John, I loved The Constant Gardner, too – I think I named it the best film of 2005. This is a bit of a different kind of story – but should please anyone familiar with le Carre’s work. –DHS
I so look forward to this and is still waiting for it to be screened in my city. But I’m sorry to hear that all the good acting got muddled in some ambiguous storytelling. Guess it has to do with the complexity of the plot being translated into a 120 mins. visual medium… the problem with film adaptations. And even for the book, I admit, I had a hard time sorting things out and alas, had to give up without finishing.
Arti – the only le Carre novel I have actually read is Absolute Friends, and that was ultimately enjoyable but hard to get through (very slow in parts). I have seen just about all of the film adaptations of his novels, though (though strangely enough not the BBC version of this work). I think he could be chalked up as an acquired taste? –DHS
Dave, I read the book this past fall and could not put it down. There’s an extended flashback between Smiley and Karla, the one time they met in India and Smiley tried hard to turn him, and I understand this flashback was included in the BBC production starring Alec Guinness. It’s a shame they didn’t include the scene this time.
As for the ending, in the book it’s much clearer just how much the Circus and Smiley have lost because of Karla, even though they find the mole. I’m just now reading the second Smiley novel (there are 3), “The Honourable Schoolboy,” and le Carre spells out in the first and second chapters just what the Circus must do to get back on its feet. Other countries’ intelligence services are also wary of them because of what happened with the mole. So, Karla actually gutted the Circus. In the second book, Smiley goes after Karla in a complicated scheme that could be called “Follow the money.” Karla has a fondness for gold.
I’ve seen the BBC production with Guinness of “Smiley’s People,” the third Smiley book in which Smiley and Karla finally face off in a very real way. So, I know how this spy dance ends and I can say it’s an awesome story, the 3 books taken together.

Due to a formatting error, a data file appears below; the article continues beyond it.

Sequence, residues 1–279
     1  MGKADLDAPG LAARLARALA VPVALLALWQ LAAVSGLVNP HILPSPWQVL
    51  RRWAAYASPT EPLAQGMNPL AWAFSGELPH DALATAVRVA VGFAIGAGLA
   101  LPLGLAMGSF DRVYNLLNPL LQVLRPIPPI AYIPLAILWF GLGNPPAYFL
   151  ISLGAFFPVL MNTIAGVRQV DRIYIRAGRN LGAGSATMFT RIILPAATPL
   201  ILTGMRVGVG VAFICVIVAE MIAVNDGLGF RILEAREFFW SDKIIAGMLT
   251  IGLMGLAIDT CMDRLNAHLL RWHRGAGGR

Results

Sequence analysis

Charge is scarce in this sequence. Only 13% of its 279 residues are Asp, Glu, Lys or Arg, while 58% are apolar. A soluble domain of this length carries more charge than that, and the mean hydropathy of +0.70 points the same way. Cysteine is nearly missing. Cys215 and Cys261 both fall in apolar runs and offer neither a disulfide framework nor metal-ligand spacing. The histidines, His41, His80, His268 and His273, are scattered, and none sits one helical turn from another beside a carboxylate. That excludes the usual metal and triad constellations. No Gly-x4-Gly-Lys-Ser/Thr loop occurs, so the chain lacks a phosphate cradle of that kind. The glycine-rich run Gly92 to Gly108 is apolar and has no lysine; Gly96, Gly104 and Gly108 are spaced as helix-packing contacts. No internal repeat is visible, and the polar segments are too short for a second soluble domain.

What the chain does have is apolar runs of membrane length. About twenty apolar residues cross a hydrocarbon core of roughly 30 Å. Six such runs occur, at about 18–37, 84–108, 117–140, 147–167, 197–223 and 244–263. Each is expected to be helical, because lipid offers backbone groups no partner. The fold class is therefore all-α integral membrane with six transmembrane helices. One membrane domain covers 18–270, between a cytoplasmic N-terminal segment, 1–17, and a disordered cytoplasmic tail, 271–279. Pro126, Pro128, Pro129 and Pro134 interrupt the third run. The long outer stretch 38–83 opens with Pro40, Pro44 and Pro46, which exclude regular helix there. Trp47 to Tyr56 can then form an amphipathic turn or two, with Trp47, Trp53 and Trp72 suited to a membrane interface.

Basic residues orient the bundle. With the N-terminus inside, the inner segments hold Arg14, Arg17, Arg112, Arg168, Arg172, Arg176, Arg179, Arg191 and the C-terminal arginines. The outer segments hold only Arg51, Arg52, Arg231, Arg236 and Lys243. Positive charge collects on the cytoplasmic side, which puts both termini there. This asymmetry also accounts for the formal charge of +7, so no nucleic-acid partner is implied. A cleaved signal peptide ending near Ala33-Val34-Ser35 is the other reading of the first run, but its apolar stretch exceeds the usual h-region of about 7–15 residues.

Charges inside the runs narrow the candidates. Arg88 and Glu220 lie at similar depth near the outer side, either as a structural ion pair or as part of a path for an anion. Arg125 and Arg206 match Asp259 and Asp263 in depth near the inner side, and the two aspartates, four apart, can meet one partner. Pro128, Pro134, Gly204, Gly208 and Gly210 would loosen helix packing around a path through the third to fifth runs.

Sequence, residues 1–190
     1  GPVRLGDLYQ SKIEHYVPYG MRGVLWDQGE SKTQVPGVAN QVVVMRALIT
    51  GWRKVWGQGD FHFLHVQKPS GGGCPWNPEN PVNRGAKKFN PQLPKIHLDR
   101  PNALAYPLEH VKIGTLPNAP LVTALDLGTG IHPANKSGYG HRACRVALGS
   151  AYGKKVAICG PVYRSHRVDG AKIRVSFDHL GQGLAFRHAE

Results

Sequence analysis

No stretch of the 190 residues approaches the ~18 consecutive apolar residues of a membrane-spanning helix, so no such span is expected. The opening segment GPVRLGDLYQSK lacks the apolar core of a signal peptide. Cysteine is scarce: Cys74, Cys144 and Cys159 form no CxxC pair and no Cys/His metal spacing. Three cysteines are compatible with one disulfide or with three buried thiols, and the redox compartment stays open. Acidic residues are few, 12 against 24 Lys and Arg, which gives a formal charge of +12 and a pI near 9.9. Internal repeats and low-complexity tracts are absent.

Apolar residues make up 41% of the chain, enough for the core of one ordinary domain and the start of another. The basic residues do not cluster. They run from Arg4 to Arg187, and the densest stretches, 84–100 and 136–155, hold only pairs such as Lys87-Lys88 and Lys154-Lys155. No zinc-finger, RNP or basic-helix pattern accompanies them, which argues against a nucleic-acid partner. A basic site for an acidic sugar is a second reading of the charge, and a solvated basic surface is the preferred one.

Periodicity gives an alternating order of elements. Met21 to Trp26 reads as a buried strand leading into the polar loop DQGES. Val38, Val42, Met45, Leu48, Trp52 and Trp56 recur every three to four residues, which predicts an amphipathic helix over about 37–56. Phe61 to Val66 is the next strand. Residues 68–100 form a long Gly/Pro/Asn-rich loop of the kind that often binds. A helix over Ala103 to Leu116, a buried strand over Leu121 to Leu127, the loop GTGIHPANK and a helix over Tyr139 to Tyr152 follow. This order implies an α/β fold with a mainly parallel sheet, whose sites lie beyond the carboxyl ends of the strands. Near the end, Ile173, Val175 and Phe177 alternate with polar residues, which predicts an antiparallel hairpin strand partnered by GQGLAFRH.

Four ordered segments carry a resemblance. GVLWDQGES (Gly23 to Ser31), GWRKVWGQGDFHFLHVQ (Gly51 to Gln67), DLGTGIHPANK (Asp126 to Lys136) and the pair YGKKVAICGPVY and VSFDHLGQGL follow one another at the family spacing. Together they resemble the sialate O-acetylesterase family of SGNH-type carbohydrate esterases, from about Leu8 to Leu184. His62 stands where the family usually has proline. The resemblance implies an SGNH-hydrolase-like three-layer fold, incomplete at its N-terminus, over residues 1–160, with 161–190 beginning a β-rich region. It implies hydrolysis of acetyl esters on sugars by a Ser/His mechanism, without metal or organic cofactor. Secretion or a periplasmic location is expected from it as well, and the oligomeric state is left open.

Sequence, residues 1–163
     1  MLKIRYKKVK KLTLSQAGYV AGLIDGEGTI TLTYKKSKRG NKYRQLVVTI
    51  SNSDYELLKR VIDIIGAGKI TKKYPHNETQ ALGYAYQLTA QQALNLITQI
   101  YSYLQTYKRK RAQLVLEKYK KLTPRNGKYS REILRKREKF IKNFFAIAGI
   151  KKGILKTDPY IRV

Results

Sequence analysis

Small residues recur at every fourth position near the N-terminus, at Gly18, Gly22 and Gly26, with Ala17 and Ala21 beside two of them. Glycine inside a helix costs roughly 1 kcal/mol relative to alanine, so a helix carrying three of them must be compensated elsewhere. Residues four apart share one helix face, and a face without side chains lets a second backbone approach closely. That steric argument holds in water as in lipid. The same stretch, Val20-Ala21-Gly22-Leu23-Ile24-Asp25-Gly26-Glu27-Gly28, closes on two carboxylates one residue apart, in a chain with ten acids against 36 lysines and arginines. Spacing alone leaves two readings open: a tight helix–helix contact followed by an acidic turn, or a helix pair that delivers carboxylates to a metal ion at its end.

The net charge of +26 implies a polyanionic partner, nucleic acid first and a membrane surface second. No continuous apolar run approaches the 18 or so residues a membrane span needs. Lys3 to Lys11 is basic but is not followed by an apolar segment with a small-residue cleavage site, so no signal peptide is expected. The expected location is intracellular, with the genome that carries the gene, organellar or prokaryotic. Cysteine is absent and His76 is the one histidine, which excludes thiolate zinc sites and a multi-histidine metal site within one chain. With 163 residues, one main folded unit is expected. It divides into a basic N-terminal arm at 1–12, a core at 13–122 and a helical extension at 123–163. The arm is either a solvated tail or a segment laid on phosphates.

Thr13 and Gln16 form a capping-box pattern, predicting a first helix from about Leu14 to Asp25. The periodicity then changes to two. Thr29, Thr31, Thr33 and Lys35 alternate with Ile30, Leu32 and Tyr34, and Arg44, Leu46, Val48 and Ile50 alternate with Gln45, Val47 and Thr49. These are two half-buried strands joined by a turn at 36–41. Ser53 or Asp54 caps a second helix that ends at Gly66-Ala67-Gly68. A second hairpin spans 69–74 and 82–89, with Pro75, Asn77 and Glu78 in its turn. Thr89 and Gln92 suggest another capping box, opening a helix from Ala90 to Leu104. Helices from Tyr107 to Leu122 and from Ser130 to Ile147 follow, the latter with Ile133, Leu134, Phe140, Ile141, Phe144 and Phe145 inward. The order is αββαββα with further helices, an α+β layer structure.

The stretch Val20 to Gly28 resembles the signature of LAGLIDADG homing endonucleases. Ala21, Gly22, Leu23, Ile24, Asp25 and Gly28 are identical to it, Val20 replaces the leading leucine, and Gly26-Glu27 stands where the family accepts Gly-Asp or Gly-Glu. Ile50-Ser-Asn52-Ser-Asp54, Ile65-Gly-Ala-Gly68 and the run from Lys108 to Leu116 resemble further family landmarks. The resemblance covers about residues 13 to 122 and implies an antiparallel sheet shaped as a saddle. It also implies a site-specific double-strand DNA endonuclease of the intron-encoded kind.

This movie is on my list of must see movies — spy movies are a favorite genre and I have a lot of respect for Oldman and all the rest in the cast. LOVED “The Constant Gardener” — one of my all time favorite movies and novels.
Happy New Year!
Cinda – happy new year to you, too! You now have me most intrigued. I would love to read the fully fleshed-out and complete version of this whole Smiley/Karla game. In the context of this film, keeping Karla off-screen was very effective in showing what an enigmatic but powerful foe he was. –DHS
Have you read any le Carre, Dave? He takes some getting used to if you haven’t. He’s in and out of different character’s minds all the time which can be kind of claustrophobic at times. But he captures the mind set and the human flaws extremely well. Underlying the story is the heartache of the spy who can never truly be intimate with anyone for fear of compromising himself and his employer in some way. Smiley is married and this is one of the saddest aspects of his story…. Fair warning, though — le Carre’s style isn’t for everyone. I have known readers who couldn’t finish his books because they are so internal with little of the action of a plot-driven story. The action he uses has particular punch….
Cinda – yes, I’ve read Absolute Friends as I was telling Arti above. I enjoyed it but not enough to rush out and gobble up all of his works. He’s written so much it’s a bit daunting to know where to start, but I would like to read more eventually. The Smiley books sound like they might be up my alley. –DHS
I had exactly the same reaction to this movie as you and I have read the book and seen the miniseries. I felt like the only reason anything made sense was because I knew the story so well. Do yourself a favor and get the miniseries through Netflix if only to see Alec Guinness’s genius. Oldman did a great job, but Guinness is that much better.
Jason – I have no doubt Guinness and the miniseries are top notch. I might have to give that a look one day. –DHS
[…] the last film adaptation of a Le Carre novel, Tinker Tailor Soldier Spy, I had no trouble following what was happening here, as screenwriter Andrew Bovell stacks the […]